Contact: Ellen Jancko-Baken (Chair) [email protected]
Committee Members: Jacqueline Caputo, Ariella Deutsch, Marcos Fernandez, Adam Halper, Andrea Hirshman, Michelle Lewis, Steve Linker, Robert Raymond

Mentorship Program

The Fall - Winter Mentorship Program is Underway!

Each Mentorship session will run for four months. This session runs from 9/15/23 to 1/15/24 and consists of two one-hour meetings in each of the four months, September - December.

In the first meeting, participants are encouraged you to share a little about their background and how they became involved in collaborative practice, as well their expectations for the program. Based on prior experience, we suggest that the Mentor and Mentee schedule all of their mentorship meetings in that initial meeting, which can then be confirmed or changed as needed. We will send a reminder each month regarding scheduling.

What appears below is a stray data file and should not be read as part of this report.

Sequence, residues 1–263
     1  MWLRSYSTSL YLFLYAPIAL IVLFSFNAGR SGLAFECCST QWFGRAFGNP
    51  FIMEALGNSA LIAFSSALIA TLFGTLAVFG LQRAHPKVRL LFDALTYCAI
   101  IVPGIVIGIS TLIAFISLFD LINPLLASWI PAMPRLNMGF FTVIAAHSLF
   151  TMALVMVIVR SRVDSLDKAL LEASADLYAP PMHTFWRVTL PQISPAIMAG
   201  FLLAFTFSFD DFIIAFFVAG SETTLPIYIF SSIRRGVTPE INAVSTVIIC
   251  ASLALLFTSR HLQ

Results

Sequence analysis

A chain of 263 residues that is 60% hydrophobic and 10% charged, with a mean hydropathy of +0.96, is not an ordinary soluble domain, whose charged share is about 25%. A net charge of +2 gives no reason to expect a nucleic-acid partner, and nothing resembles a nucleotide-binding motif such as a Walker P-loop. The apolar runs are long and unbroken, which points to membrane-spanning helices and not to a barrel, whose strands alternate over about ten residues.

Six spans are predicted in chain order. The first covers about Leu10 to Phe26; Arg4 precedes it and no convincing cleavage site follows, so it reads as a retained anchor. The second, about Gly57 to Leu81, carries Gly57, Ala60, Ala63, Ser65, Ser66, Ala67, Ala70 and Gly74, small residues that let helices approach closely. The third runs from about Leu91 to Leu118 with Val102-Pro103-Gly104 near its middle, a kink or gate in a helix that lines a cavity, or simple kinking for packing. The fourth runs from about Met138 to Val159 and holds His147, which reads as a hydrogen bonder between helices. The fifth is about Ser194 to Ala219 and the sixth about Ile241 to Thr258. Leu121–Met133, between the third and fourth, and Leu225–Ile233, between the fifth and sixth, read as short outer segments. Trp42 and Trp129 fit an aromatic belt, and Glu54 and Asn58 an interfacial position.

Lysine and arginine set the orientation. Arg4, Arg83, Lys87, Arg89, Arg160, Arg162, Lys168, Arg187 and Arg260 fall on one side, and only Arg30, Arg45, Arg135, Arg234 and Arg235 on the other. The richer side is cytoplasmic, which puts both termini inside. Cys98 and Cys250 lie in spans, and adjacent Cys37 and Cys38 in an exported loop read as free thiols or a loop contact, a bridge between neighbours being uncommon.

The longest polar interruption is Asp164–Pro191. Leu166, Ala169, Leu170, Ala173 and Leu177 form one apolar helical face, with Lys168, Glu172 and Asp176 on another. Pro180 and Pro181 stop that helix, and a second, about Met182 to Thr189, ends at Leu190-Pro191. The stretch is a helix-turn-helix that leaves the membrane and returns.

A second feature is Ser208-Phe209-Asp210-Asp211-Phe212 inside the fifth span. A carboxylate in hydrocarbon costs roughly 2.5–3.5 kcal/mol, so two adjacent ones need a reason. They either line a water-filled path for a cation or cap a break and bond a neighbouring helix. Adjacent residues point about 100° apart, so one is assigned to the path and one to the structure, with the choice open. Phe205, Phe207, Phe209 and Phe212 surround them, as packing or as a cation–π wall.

At the end of the session, we plan to have a full group gathering (virtually) on January 17, 2024 from 5 to 6 pm for feedback, discussion and networking. This session is part of the mentorship program.

This program is intended to provide an informal opportunity for newer collaborative professionals to have access to the experience of a more seasoned professional for informal case consultation and advice on business practices. This not a formal training program or apprenticeship. It is up to each Mentor whether they wish to have the Mentee observe, take notes, or otherwise take part in Collaborative meetings.